Few studies have focused on the overall coping strategies that transgender individuals use in everyday life, let alone the strategies that are used in order to adapt and cope with the changes both during and following gender-affirming treatments [27]. A more comprehensive understanding of the experienced stressors and (mal)adaptive coping strategies of transgender individuals during medical transition may assist in the development of specialized (after)care and further support regarding the individual’s ability to adapt and integrate. In this regard, an understanding of both population-specific and non-specific stressors and strategies is of importance.
At present, while transgender individuals experience increased levels of stressors and report higher incidence of mental health problems, the possible role of coping strategies remains unknown. This qualitative study aims to identify different (adaptive and maladaptive) coping strategies used by transgender individuals during and following gender-affirming treatments in response to the individual’s experienced stressors. Additionally, the extent to which the reported strategies are specific to transgender individuals and the specific stressors that they experience, as well as possible approaches to (after)care, will be explored.

2. Methods

2.1. Study Setup

The present qualitative study reports on semi-structured interviews conducted with transgender individuals who were seeking gender-affirming treatments in the Netherlands. Data were collected as part of the GENDER-Q study [28], and the current study reports on secondary analyses of the Dutch study participants. In 2018, the GENDER-Q study was initiated by researchers in four countries who sought to develop a patient-reported outcome measure (PROM) for adolescent and adult transgender individuals receiving gender-affirming treatments [28]. In the initial part of the study, researchers conducted interviews on a range of topics related to the outcomes of gender-affirming treatments. For the present study, ethics approval was granted by the Ethical Review Board of the [blinded for review] (no.2017.617). Written and oral informed consent was provided by all study participants.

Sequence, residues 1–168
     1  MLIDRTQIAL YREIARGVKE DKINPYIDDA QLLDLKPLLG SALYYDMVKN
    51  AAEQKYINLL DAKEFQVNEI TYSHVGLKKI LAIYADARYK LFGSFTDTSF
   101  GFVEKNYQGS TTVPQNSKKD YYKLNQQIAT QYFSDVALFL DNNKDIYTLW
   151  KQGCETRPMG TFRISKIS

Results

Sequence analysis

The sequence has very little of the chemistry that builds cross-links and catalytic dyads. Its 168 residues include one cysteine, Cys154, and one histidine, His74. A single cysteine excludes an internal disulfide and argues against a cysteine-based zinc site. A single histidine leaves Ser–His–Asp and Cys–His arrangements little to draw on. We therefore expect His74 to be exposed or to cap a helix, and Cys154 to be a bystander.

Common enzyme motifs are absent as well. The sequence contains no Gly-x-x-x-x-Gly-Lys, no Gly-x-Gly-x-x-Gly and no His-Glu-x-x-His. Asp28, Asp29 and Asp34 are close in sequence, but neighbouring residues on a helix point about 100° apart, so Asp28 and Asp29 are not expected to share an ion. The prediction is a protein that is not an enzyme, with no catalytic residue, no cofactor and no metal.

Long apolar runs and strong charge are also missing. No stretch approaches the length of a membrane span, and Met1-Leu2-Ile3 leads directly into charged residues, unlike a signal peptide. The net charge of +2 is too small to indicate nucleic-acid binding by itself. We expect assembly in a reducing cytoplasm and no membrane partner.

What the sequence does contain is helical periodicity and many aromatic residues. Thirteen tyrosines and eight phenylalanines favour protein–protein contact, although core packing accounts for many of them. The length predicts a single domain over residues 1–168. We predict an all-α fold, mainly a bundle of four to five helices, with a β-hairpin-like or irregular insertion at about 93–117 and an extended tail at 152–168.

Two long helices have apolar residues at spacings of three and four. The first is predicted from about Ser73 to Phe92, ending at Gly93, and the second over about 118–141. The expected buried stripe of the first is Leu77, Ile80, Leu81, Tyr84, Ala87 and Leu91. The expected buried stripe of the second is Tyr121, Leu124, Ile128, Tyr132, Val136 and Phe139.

2.2. Participants and Recruitment

Study participants included Dutch individuals aged 16 years and older who were recruited for the GENDER-Q study at the [blinded for review]. The complete study design of the GENDER-Q study can be found elsewhere [28]. Individuals were purposively recruited based on demographic, treatment experiences, and other characteristics relevant to the subject of the study [29].
The eligibility criteria for participation were: 16 years of age or older, having received the DSM diagnosis of “Gender Dysphoria”, receiving or having received gender-affirming medical treatment in the Netherlands, sufficient proficiency in Dutch or English, and possessing the ability to provide written and oral informed consent. Participants were recruited by healthcare providers from [blinded for review], or through support groups. Recruitment took place during a three-month period (August 2018–October 2018). Participation was voluntary and had no impact on their present or future gender-affirming treatments. Participants were offered an EUR 50 (euro) gift card for participating, which they were informed about after participation.
In total, 57 transgender individuals were approached, of whom 21 agreed to participate (37%). Due to the mixed sampling strategy, no data of non-responders were collected. Two participants were excluded for the current study because they had not started gender-affirming treatments at time of participation. This resulted in a study cohort of 19 individuals of which 12 identified as (transgender) male, six as (transgender) female and one as transgender.

2.3. Data Collection